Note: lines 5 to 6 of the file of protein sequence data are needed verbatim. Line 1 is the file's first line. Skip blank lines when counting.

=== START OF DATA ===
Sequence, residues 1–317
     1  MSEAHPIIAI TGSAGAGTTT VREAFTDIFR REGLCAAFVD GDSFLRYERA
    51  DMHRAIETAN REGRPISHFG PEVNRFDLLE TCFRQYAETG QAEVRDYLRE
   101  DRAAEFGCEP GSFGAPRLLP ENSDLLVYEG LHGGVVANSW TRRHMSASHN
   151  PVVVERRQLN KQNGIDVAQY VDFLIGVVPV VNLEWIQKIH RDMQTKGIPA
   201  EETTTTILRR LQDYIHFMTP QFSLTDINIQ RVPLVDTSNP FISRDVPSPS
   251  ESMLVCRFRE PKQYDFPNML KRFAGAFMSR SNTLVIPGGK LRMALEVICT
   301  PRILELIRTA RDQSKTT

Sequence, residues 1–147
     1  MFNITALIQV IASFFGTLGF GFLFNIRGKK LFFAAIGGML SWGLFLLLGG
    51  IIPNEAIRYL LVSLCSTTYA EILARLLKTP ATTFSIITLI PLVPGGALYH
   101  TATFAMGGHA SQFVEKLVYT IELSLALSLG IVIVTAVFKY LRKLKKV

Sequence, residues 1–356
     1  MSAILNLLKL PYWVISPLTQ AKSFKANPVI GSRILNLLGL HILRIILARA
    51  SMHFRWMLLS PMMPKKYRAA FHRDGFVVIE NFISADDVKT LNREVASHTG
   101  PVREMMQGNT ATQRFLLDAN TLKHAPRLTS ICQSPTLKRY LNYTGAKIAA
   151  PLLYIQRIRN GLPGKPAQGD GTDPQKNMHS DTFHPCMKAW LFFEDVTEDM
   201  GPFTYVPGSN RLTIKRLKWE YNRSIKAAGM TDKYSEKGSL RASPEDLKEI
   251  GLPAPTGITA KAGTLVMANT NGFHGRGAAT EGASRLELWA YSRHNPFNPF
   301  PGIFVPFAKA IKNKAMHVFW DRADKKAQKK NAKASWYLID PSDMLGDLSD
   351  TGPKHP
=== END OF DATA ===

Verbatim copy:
   151  PVVVERRQLN KQNGIDVAQY VDFLIGVVPV VNLEWIQKIH RDMQTKGIPA
   201  EETTTTILRR LQDYIHFMTP QFSLTDINIQ RVPLVDTSNP FISRDVPSPS